The personal data of approximately 533 million Facebook users have reportedly been leaked and circulating online for free. According to Business Insider, the personal information was initially leaked prior to being made widely available to the public.
In its article, Business Insider said that it reviewed and verified a number of the leaked data records. In a statement, the news site claimed that the personal mobile number of Facebook chief executive officer Mark Zuckerberg was also included in the massive data leak.
Among Zuckerberg’s leaked information online include his names, location, date of birth, marriage details, and Facebook user ID. For other individuals and accounts, the full names, birthdates, bios, locations, email addresses, phone numbers, and Facebook IDs have been compromised.
The Business Insider report cites security researcher Alon Gal, the chief technology officer of Hudson Rock, a cybercrime intelligence company, who first flagged the leaked data on Saturday, April 3, 2021. Gal took to social networking platform Twitter to share his findings and sentiments in a series of tweets.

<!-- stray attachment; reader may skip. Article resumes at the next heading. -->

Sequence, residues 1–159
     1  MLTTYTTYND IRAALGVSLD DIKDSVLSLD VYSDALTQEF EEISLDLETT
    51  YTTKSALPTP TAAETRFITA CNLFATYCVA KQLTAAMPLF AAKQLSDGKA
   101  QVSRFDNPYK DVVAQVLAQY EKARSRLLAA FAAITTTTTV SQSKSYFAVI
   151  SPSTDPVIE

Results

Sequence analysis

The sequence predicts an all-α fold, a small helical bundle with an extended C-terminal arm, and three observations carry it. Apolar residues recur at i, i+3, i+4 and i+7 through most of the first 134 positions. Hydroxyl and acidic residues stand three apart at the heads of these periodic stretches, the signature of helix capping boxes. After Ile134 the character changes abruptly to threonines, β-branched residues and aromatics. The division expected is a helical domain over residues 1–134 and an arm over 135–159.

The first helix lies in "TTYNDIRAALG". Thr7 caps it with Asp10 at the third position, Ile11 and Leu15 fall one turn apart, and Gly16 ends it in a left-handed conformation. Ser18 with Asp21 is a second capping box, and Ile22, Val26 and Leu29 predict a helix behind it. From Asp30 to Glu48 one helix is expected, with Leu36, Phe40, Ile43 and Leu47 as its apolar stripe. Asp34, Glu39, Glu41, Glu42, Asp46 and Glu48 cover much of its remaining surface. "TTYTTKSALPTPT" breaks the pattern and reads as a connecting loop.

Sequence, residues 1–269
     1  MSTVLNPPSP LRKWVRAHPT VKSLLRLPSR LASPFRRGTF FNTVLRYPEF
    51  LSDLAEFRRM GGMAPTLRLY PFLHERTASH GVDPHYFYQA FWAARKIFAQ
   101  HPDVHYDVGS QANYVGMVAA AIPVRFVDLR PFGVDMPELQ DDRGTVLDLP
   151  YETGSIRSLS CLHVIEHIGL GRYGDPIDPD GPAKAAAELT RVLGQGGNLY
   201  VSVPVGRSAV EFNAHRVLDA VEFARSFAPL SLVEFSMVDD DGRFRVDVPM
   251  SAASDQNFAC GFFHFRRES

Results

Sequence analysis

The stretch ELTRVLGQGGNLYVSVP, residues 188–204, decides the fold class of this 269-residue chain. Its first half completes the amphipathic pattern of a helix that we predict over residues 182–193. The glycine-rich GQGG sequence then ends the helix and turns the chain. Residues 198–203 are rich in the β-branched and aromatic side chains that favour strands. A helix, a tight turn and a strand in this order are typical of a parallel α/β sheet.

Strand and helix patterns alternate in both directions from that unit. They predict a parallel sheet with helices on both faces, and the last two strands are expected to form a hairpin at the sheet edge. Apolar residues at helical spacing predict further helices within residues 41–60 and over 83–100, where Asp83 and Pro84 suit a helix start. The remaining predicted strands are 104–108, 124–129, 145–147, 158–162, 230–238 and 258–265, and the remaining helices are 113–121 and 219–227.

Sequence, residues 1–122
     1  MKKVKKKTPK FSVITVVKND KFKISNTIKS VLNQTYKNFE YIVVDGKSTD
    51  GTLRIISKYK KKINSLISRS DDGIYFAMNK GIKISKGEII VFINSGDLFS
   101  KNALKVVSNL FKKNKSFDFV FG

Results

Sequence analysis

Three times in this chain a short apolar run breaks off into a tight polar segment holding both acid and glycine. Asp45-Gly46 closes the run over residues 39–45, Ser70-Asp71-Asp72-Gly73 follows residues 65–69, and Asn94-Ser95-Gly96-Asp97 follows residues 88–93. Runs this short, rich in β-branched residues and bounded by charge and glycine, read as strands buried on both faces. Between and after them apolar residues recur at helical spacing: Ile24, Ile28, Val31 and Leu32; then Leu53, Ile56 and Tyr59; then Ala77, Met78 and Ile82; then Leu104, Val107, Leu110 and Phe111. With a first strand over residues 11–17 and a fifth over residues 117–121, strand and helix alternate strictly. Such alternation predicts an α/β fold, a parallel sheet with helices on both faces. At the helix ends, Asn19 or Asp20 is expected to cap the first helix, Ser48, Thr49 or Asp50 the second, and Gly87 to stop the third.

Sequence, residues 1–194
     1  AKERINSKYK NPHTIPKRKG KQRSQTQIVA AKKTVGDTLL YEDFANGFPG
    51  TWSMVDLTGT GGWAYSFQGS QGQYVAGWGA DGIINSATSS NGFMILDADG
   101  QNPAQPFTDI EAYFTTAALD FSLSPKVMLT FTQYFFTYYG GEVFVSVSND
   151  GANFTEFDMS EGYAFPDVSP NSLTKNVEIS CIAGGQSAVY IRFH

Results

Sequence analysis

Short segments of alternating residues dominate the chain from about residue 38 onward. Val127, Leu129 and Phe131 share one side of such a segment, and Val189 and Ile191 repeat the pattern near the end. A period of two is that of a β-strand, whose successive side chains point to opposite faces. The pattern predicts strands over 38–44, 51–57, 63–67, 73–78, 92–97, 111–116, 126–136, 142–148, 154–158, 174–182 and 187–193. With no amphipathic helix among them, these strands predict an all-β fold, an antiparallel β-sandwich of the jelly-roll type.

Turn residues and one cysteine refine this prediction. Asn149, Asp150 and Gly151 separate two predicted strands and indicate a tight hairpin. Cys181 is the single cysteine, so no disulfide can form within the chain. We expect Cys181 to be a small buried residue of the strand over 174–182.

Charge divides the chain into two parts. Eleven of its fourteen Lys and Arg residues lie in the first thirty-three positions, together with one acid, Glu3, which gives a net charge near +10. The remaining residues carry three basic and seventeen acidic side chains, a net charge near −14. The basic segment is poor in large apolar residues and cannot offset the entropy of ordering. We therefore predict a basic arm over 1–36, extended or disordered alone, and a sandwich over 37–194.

In a statement via his Twitter account @UnderTheBreach, he said, “I have yet to see Facebook acknowledging this absolute negligence of your data… Bad actors will certainly use the information for social engineering, scamming, hacking and marketing.”
Insider states that the data leak spans 106 countries. Of this number, the data came from “over 32 million records on users in the US, 11 million on users in the UK, and 6 million on users in India.”
Besides the aforementioned users, other countries that have had the most user data compromised include Egypt, Tunisia, Italy, Saudi Arabia, France, Turkey, Morocco, Colombia, Iraq, Africa, Mexico, Malaysia, Algeria, Spain, Russia, Sudan, Nigeria, and Peru.
Based on the article released by Bleeping Computer and in relation to the data leak, a Facebook representative told the news site that, “This is old data that was previously reported on in 2019. We found and fixed this issue in August 2019.”
Despite this, Bleeping Computer states that this incident still puts a number of users under vulnerability, given that many people utilize the same email addresses and phone numbers for a couple of years.
This incident also opens up account holders to threats, with malicious actors taking advantage of their personal data for scams and other similar attacks. Phishing attacks and smishing for mobile devices have been relatively popular scams, notes Bleeping Computer. SIM card swap attacks have likewise been performed to obtain codes sent through text messages.